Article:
Saturday December 16th 2017

MS treatment care guidelines questioned

Support at home for those who have had controversial treatment for multiple sclerosis abroad is necessary, although local patients are skeptical that a new initiative will do the trick.

A panel of doctors will develop guidelines for Ontario doctors to follow. It’s a first for Canada.

But there is some question about how this will roll out for patients.

“It’s the same group of people … who have no background in this and they’re going to decide on after-care?” said Patrick Farrell. “I look at it with the greatest amount of suspicion.”

Farrell’s wife, Barb, is bedbound. A year ago, she was in hospital, considering moving to a hospice. But some local benefactors flew her to the United States and paid for treatment not available in Canada.

The treatment is angioplasty on veins for a condition called CCSVI (chronic cerebro-spinal venous insufficiency). It’s considered unproven and is not available in Canada. But many Canadians are seeking the treatment abroad. And they require follow-up when they’re at home.

Barb reports some progress, but remains bedbound. Her husband said treatment for her has fallen between the cracks. She’s back at home and getting home care, but she has not received physiotherapy, or any rehabilitation treatment.

“She needs some sort of therapy,” he said.

Ontario’s health minister, Deb Matthews, expects a report from an expert panel to be completed prior to next fall’s election on how patients such as Barb should be followed up here at home. The idea is to put together a plan for the many Ontario residents who have had the treatment abroad.

MS has long been considered a neurological disease with no known cause or cure, although there is drug therapy available to help manage it.

Italian doctor, Dr. Paul Zamboni, announced nearly two years ago his hypothesis that many MS patients have blocked veins, a condition he called CCSVI, that, when unblocked, eases their symptoms.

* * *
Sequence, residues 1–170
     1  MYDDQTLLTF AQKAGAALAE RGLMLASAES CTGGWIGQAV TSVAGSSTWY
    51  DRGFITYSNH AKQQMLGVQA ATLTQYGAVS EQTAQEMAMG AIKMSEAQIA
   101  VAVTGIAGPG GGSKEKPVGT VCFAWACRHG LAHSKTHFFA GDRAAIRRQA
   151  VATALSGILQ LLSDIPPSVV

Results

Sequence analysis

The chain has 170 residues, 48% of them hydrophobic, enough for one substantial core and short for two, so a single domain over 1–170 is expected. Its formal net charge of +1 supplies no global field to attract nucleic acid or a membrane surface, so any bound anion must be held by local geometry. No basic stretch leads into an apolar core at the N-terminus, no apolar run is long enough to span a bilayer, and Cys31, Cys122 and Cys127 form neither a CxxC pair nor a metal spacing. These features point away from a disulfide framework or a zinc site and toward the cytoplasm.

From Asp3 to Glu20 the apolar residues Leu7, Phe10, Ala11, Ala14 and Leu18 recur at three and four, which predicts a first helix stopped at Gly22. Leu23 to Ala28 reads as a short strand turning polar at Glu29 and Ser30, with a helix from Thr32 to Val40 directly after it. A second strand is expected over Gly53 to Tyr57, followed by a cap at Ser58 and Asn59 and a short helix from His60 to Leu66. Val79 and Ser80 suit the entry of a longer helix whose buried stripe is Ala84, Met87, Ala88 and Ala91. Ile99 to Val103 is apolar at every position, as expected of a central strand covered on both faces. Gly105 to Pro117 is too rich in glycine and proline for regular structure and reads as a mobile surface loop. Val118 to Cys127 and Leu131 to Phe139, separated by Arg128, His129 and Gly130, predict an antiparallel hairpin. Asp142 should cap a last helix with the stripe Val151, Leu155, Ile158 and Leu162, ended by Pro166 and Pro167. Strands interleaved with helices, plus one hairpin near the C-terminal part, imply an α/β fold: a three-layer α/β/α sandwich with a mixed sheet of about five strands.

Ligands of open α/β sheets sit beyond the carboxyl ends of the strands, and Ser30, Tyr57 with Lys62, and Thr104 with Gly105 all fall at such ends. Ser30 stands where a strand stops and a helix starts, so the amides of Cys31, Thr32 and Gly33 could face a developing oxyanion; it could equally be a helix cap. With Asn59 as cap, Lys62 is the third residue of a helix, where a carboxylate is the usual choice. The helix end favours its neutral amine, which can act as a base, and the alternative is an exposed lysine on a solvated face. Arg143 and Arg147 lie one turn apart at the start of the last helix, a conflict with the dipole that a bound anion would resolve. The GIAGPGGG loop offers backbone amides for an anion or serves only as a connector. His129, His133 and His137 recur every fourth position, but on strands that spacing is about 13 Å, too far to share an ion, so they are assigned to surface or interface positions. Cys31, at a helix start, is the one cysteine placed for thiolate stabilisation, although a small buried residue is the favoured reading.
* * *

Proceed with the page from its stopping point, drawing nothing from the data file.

The jury is still out — but, for the first time, it brought hope to MS patients, who went out in search of it — many reporting positive results.

Among them is Diana Gordon. The Barrie woman has seen many of her fine motor skills deteriorate over the years as a result of MS and was unable to work. After lobbying the Ontario government and being outspoken on behalf of MS patients, Gordon decided that, she, too, would seek the treatment. She received the treatment in the United States last spring.

Gordon has remained in the fore, continuing to lobby and maintaining an active online presence, networking with MS patients the world over. She has since started working part-time and is hoping to return to technical writing.

“How can they give us the proper follow-up care and treatment we need?” said Gordon, citing that panel members are largely neurologists who have not supported the treatment here.

The panel is made up of one vascular surgeon, four neurologists and two general internists.

She asks why vascular surgeons, such as Barrie’s Dr. Sandy McDonald, don’t appear on the panel.

McDonald has supported the treatment, having gone to Italy several times with staff to train under Zamboni. Six of his patients underwent the treatment at Barrie’s Royal Victoria Hospital early last year and all, he said, reported different levels of improvement.

He has been excluded from other expert panels in Canada but is sought after in other countries.

Gordon says McDonald’s support here in Barrie through his Barrie Vascular Imaging centre, as well as support from her physician, has provided her with the follow-up care while following a daily exercise regime to continue getting stronger.

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